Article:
Looking for a folding survival knife? It’s important to know what to look for before you buy. Here’s our review of some of our favorite survival knives, as well as tips on how to choose the one that’s best for you. Check out part one here.
Finding the right knife
Keep in mind that this is a tool you might use “every day”. And in an emergency, your life may well depend on it. So this is not a choice to be made lightly. Acceptable knives can usually be found in the $50 to $150 range (that is list price, not necessarily the price you pay). Cheaper knives may or may not be junk; some can be suitable. More expensive knives may be better, but can take money away from other preps. Buying used or from discount outlets can keep the cost reasonable with little impact to quality, and sometimes you can score a real bargain off of eBay. I usually try to get at least 35% off list when buying knives new. Used should be cheaper, unless the knife is of limited availability (custom or discontinued). If you find a knife you really like, it might be worth getting a backup or two of it to stash away just in case the knife you use gets lost or damaged. Note that if your preferred knife is ok for some occasions but just “too big” for other occasions, the company may have a smaller version of the same knife which WOULD be appropriate for those occasions when the full sized one is not.
First of all, go for the best quality you can afford. A “name” brand, which has been around for years, is often the best choice. Made in U.S.A or Germany is often a good sign, although good knives can also come from Sweden, Japan and Switzerland. And from pretty much any other country as well. Yes, a lot of “junk” knives come out of China and other Asian countries, but some good ones come from there too. A quality American company with an adequate history, which gets some of their knives from China or Taiwan, is worth at least looking at. For instance, I’ll consider any Cold Steel product based on its own merits. Still, American made is preferable from both a quality and a patriotic standpoint.
Because of the criticality of a good lock, I first would look at some companies which offer “Specialty” locks which are claimed to be more secure than standard liner or mainspring locks. The ones I found were from Cold Steel, Benchmade, Spyderco and CRKT. Cold Steel regularly tests their folding knife locks against comparable competitors, comparing impact resistance and weight bearing capability of their locks. They have videos of these tests on their web site ( http://www.coldsteel.com/Riposte-Putting-It-To-The-Test.aspx ). It would probably be a good idea to watch some of these videos. After you see one all the way through, you can (if you wish) fast forward through the boring tests to find out the final results for other brand tests. It appears that Cold Steel always “wins” these tests with the implication that their locks are always strongest in every class. The tests LOOK fair in the videos, but that does not guarantee the tests are a reliable guide.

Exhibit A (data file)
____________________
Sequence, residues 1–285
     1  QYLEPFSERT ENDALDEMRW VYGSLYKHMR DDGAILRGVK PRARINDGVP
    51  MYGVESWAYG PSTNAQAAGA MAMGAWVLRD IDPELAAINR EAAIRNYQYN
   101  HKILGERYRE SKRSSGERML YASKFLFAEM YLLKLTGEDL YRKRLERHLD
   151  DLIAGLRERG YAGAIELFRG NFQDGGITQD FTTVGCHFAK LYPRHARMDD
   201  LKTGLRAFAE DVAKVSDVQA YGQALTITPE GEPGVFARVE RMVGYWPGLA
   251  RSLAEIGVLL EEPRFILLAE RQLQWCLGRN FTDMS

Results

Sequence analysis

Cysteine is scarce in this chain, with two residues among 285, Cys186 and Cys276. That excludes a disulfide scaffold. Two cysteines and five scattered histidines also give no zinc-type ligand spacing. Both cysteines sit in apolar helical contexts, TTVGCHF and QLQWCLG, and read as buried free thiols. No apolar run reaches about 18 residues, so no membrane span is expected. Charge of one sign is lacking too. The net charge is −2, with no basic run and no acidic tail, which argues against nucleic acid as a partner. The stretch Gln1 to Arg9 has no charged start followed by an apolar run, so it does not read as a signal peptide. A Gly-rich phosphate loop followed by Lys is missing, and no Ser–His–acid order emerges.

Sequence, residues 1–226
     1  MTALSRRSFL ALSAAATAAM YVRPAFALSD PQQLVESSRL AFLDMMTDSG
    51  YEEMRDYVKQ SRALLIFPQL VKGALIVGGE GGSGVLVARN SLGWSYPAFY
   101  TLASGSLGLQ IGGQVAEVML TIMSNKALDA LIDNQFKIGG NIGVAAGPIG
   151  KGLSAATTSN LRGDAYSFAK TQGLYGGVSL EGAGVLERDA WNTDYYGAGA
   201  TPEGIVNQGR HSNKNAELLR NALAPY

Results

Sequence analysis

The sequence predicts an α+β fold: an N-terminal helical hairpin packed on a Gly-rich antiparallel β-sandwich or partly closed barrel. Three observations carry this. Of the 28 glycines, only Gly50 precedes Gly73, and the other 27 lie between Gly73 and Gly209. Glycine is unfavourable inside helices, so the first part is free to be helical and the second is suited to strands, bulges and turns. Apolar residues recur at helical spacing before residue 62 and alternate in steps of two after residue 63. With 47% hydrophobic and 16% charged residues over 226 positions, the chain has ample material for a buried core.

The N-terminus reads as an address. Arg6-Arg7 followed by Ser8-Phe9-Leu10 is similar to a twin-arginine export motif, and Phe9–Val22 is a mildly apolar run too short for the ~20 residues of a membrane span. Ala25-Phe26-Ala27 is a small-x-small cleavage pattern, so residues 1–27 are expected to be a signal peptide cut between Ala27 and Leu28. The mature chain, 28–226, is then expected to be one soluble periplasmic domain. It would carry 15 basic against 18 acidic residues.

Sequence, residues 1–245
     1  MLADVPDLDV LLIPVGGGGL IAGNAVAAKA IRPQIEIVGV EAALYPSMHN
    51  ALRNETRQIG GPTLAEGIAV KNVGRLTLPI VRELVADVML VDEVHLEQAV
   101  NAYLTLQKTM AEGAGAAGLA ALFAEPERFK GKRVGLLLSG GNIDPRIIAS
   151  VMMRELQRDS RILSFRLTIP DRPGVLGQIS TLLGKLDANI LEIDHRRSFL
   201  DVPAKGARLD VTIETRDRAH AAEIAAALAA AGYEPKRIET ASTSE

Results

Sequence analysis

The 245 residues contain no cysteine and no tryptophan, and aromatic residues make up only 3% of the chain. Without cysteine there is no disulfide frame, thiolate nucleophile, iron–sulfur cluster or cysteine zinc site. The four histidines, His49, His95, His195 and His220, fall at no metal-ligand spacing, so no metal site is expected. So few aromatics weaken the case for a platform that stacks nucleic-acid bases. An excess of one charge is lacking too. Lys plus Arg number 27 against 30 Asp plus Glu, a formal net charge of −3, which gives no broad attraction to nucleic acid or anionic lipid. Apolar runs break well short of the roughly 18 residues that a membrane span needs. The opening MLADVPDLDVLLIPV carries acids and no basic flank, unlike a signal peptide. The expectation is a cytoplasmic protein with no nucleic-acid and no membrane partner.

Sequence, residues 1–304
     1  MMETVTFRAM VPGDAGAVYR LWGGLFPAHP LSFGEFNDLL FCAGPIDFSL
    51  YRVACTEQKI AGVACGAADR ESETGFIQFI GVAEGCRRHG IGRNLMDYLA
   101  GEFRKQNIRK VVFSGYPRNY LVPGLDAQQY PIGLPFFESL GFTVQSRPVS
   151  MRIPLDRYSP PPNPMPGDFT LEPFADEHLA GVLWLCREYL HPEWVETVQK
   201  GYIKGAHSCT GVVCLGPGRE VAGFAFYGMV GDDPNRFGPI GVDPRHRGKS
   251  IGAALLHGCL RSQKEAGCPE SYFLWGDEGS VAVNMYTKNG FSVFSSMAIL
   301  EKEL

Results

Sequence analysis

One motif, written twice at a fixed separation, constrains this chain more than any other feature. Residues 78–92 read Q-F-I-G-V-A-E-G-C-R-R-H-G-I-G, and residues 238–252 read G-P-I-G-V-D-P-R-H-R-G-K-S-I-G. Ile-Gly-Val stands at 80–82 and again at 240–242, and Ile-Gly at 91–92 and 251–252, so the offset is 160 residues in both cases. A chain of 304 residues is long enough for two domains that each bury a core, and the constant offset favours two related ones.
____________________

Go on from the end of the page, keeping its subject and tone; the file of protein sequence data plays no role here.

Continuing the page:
Cold Steel has the “Tri-Ad” lock which they claim is very secure. They have a few models which appear to meet the specified criteria, including the American Lawman and the Ultimate Hunter, although the latter is beyond the target price range, and worse, was not adequately discounted when I was looking for contenders. The American Lawman is quite reasonably priced (at least currently, less than half price on eBay). Cold Steel also has the economy priced Pocket Bushman, with another “enhanced lock” called “Ram-Safe” which might be unique to this knife. With a blade of 4 1/2″, this one may be a bit large for everyday pocket carry. This system appears to be not as strong as the Tri-Ad system, but it does appear to be a competitive choice in its price range. …
CRKT has the “AutoLAWKS” secondary locking mechanism. This really is a nice, liner locking system with additional safety lock, which appears like it should be a very secure lock. It did not fair well in the test shown on the Cold Steel site. The M21-04 looks like it might meet the desired folding survival knife criteria.
Benchmade has the “AXIS” system, which is truly ambidextrous and easy to close. It held up to the weight test well, but not the impact test in the Cold Steel video. A good model is the Griptilian.
SOG has the “ARC” system, which is similar to the AXIS system. It did only fair in the Cold Steel tests. More importantly, I was not able to find a model of theirs which had this system AND met the other criteria. I did not try any of the ones which were close, as the discounts available were not as deep as I would like. I’ve always liked SOG military/combat knives, but folding survival knives does not appear to be a strength of theirs. SOG does have a few acceptable models with more standard locks, which should be competitive with other companies standard locks. In particular, they have the Aegis assisted opening knife, which looks like it might have promise.
Spyderco has the “ball bearing” system, which did ok in the Cold Steel impact tests, but not well in the weight tests. Impact resistance is possibly the more important test for a survival knife though. Historically, they have had several good survival pocket knives, all discontinued. Many of the modern models have blade shapes which are not optimal for general survival, and “lightweight” linerless grips which may or may not stand up to the rigors of survival. There are a few promising looking models though, particularly the non-lightweight version of the Manix 2, replacement for the excellent Manix. The regular Manix 2 has a 3 3/8″ blade, and the XL version has a 3 7/8″ blade; both have steel liners, the lightweight Manix versions typically do not. Their prices have shot up beyond the target price range though.